BOULDER — Post-modern culture may have left cowboy days and ways in the dust.
But cattle prods come in many forms. From alarm clocks to telephones, shrill sounds tell new millennium folk to get a move on it.
Some, however, have turned a deaf ear on buzzing and ringing in favor of acoustic tones emitted from Now & Zen clock and telephone products.
In 1995, founder Steve McIntosh launched his business in Longmont to bring this bit of Himalayan ambiance home.
“But I don’t make any woo woo claims, like that it cleanses your aura,” he said.
Instead, McIntosh designed a clock to wake sleepers up gently to an historically sacred sound, a Tibetan bell-like chime, in his quest to brand truth-and-beauty inspired products.
The initial chime reverberates a minute before fading.
Three-and-a half minutes later, it chimes again and is soon followed by more frequent chimes. After 10 minutes, the clock chimes every 4 seconds unless switched off.
One customer became so enraptured by the pleasant morning ritual she wrote an “Ode to the Zen Alarm Clock” and mailed it to the company, McIntosh said.
The triangular-shaped Zen Alarm Clock debuted in 1996 and, despite the somewhat alarming $100 price, Now & Zen has sold approximately 120,000 of them.
The clock can also be set to softly partition time for everything from yoga sessions to business meetings.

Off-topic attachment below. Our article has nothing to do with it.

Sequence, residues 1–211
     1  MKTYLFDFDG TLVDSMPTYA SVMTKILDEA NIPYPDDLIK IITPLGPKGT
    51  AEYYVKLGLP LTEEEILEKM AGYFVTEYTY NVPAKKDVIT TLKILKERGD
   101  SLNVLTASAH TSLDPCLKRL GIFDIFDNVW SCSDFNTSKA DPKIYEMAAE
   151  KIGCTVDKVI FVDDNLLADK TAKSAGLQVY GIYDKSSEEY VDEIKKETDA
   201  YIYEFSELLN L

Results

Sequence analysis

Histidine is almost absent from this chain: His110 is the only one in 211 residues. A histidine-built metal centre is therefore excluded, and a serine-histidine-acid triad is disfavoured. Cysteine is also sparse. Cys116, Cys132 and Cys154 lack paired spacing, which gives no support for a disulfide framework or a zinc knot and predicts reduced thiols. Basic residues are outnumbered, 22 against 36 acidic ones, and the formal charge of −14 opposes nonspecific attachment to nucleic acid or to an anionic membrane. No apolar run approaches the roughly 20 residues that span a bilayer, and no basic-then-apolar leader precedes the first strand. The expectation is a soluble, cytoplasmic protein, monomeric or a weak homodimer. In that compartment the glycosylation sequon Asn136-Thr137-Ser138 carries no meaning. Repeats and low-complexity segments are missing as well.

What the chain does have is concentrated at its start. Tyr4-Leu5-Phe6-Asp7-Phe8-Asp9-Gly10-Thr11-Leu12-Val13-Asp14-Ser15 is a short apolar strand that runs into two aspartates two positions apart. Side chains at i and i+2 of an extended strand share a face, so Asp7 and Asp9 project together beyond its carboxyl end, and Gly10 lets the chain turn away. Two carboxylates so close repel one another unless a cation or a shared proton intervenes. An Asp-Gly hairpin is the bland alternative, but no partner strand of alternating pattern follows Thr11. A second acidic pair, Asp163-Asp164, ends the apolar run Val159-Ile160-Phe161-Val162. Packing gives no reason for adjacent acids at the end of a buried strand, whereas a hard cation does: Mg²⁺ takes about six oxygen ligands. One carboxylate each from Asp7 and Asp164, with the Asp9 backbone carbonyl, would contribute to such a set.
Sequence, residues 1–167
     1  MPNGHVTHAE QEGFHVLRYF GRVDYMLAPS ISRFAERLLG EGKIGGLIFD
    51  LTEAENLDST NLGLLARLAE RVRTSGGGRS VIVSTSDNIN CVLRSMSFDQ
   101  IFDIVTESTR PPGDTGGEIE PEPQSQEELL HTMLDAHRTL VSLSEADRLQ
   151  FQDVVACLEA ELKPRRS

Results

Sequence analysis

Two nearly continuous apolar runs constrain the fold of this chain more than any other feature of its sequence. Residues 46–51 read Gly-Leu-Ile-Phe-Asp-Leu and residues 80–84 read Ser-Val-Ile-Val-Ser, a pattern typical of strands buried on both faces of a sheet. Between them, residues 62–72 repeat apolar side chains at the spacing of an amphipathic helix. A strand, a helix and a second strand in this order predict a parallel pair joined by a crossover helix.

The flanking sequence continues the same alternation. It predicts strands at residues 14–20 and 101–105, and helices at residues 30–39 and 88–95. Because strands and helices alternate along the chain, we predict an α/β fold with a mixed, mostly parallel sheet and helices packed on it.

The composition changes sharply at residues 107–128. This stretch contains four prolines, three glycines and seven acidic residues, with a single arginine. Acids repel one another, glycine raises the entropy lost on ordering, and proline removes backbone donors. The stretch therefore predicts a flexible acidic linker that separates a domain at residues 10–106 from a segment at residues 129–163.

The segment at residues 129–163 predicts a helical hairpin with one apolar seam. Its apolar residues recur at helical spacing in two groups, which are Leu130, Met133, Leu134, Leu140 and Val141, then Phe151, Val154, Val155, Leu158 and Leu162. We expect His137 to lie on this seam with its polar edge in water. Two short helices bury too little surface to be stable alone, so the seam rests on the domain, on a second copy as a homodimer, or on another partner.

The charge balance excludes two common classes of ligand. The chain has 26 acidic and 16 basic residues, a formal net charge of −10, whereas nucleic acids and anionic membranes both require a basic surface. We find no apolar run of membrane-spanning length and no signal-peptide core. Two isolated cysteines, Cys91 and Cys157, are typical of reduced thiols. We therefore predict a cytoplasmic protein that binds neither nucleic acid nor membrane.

In December, the company unveiled another potential hot seller — the Tibetan Phone Bell — for $120. Though it plugs into a conventional land line, it is centuries apart from Ma Bell devices.
The six-inch-diameter Tibetan-style brass bowl sits on an maple or oak platform and instead of jangling, it gongs every five seconds.
It also can be used as a countdown timer.
After setting up shop in Longmont, McIntosh — who has also worn hats as a Celestial Seasonings executive, investment banker, lawyer and author — discovered the toughest part of the business turned out to be production.
He couldn’t find anyone to make the chimes then, so he and a small crew learned to cut, polish and tune them to the exact frequencies.
But with orders quickly multiplying from hundred to thousands, in 1998 he moved the company to an 11,000-square foot space in Gunbarrel and contracted some piecemeal work.
However, by this May 14, when doors open at 1638 Pearl St. — Now & Zen’s first retail space — all production will take place in southern China.
“That’s where Zen originated,” he said. “And it’s not a sweatshop.”
Forty percent of Now & Zen’s business comes from a combination of Internet, call center and retail mail order sources. Sixty percent comes from wholesale — about half of that from catalogues and half from mom-and-pop shops, McIntosh said.
But having both “bricks and clicks” — especially since the 700-square foot sales floor is on Boulder’s main drag — should rearrange the sales profile, he said.
“Of course, Boulder is the headquarters for this type of culture,” he said.
The company has been “permanently profitable” since 2001, McIntosh added, and is on track for 10 percent annual growth, though that is down from the original business plan, which called for 30 percent annual growth before the dot com crash.
“It was harder to get venture capitalists than I thought,” he said.
Pam Mellskog can be reached at 303-776-2244, Ext. 224, or by e-mail at firstname.lastname@example.org.